Response by poster: Thanks for all the great answers so far. I should have said that I'm not a fan of anything from the cabbage family. I'm a super taster so find the taste very unpalatable. I'm going to try to introduce them into my diet over time. However it's going to take time to get there. I keep trying stuff like cauliflower etc. I can now eat a bit of cauliflower cheese, steamed broccoli and I had spinach in a tart the other week which I liked. As for fish I like cod, pollock, haddock and basa. So white fish with no bones and a mild taste. I can now eat tinned tuna but I mask the flavour with some spices and sauce then put it on a wholemeal muffin topped with cheese.

I used to be a very finicky eater. At one point my idea of a Sunday roast was yorkshire puddings and gravy. I always loved peas and carrots but hated anything else. I can now eat sweet potatoe, parsnips, butternut squash, onion, mushrooms, suede and leeks. I can eat tomotos as long as they're cooked and soft, and I'm able to stomach dry grilled courgets and green beans.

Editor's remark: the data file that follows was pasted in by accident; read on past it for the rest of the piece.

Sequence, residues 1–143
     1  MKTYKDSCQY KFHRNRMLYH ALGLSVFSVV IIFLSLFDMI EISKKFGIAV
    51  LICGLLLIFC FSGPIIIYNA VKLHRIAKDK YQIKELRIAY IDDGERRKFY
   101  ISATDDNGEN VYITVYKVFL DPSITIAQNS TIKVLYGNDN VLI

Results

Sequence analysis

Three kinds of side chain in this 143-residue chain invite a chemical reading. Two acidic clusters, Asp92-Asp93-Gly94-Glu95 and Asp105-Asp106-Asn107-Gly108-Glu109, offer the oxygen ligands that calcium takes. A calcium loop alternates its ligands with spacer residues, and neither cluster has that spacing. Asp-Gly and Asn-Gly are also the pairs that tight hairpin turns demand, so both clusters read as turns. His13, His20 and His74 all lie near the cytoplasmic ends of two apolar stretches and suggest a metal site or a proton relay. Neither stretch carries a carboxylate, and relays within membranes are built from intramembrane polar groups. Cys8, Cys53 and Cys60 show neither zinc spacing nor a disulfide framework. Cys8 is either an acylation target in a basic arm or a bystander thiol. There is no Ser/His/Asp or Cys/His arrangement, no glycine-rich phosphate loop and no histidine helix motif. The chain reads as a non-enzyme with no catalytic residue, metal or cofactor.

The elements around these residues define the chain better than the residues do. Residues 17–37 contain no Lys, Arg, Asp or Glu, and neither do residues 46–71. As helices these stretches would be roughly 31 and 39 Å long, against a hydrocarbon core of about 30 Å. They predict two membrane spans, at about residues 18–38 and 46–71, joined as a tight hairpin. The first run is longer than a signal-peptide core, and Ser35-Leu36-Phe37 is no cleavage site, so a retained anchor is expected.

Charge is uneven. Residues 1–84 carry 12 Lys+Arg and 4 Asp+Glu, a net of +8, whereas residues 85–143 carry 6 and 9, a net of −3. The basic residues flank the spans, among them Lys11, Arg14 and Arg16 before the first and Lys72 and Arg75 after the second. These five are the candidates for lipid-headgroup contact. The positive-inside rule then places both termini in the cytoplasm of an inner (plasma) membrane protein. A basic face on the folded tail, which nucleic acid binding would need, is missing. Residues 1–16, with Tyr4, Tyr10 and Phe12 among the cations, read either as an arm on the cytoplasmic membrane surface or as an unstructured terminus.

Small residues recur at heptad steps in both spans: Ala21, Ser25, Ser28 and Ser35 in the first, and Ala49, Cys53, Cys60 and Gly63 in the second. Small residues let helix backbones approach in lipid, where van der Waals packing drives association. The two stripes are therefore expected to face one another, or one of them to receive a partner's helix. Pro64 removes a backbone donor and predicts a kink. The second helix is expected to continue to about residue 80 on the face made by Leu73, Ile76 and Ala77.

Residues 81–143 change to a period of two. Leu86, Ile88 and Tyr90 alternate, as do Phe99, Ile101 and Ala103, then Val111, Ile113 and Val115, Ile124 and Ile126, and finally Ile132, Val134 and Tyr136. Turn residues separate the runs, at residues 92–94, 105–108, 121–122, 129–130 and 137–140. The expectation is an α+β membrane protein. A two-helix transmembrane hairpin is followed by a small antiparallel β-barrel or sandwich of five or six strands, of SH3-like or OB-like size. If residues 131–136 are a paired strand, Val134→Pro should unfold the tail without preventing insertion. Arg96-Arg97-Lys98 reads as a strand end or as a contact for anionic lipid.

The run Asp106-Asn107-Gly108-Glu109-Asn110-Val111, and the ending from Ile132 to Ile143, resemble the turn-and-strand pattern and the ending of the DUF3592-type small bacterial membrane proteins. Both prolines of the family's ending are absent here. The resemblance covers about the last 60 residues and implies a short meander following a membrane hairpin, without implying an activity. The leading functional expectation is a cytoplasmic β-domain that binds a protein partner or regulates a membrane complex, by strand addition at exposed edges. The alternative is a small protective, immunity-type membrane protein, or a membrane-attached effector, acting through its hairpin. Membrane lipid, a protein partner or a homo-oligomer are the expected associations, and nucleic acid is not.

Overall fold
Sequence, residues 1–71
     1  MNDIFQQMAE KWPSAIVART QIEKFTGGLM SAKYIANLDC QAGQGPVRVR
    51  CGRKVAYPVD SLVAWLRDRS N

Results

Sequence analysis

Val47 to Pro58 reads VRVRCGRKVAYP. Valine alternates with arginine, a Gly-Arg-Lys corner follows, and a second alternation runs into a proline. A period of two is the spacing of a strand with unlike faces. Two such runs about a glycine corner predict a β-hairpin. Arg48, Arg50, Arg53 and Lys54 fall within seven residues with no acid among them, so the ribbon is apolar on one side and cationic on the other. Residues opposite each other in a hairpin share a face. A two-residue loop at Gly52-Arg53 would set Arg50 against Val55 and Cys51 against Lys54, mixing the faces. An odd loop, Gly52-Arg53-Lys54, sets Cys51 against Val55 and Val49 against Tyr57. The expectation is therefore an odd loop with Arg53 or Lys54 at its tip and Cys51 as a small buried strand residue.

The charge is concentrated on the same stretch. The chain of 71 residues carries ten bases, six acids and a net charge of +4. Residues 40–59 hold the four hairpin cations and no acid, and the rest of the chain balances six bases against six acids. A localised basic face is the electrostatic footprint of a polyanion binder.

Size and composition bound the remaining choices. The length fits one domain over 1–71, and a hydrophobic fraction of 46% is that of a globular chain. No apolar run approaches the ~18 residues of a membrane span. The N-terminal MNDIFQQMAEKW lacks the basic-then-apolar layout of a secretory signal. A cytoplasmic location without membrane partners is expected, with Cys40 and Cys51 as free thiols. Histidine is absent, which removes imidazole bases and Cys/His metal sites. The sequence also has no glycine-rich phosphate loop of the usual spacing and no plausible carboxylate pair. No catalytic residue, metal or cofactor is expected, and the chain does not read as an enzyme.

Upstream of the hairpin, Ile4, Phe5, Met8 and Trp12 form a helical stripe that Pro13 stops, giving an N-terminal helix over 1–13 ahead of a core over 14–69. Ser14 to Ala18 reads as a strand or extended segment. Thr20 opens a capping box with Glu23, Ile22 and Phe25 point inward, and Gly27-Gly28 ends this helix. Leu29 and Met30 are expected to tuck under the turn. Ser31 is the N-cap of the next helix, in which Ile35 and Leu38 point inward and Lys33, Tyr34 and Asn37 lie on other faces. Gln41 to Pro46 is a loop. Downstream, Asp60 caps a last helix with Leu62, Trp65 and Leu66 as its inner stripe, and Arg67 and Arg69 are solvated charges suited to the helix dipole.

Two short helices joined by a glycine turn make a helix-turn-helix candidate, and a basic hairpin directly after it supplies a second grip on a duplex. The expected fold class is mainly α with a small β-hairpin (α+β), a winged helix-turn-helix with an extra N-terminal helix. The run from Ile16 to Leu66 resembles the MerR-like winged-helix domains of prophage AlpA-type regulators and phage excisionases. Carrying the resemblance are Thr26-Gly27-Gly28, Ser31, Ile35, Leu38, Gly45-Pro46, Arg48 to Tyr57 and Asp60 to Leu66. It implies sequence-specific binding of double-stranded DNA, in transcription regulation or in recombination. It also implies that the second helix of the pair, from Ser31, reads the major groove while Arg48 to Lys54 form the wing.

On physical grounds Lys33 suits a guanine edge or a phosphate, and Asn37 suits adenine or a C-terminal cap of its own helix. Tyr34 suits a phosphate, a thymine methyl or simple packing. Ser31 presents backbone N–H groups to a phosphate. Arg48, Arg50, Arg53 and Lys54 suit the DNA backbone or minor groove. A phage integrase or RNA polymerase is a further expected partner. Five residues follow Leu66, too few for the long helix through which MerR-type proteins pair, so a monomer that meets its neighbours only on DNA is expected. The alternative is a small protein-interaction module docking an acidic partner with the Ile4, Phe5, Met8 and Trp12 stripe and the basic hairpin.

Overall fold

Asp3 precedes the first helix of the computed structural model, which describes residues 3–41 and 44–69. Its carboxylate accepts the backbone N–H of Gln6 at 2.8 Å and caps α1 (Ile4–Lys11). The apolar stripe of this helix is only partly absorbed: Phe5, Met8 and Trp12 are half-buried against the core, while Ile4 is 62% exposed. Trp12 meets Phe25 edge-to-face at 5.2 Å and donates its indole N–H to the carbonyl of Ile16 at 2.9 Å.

I know that with me there's no point forcing myself to eat something I don't like. But if I'm in the mood to try something new then I'm much more likely to enjoy it. I probably should have asked for any recipes that mask the flavour of green veggies as well ready for me to try in the future. But at the moment I want something really tasty but healthy that encourages me to get back in the kitchen. For instance today I had left over pork, new potaoes and some parmesan in a tomato and garlic sauce. While I was cooking it I was listening to music and belly dancing. So getting back in the kitchen with tasty new ideas to try will help with both diet and exercise.
posted by Ranting Prophet of DOOM! at 7:18 AM on January 10, 2014

Best answer: Come join the MeFi(t) team on Health Month. (Recent MeTa.)

My first rule was to make the bed. I pegged it to waiting for the shower to heat up. Now I also have rules about exercise, listing grateful things, and being social. Health Month helps build positive habits through gamification.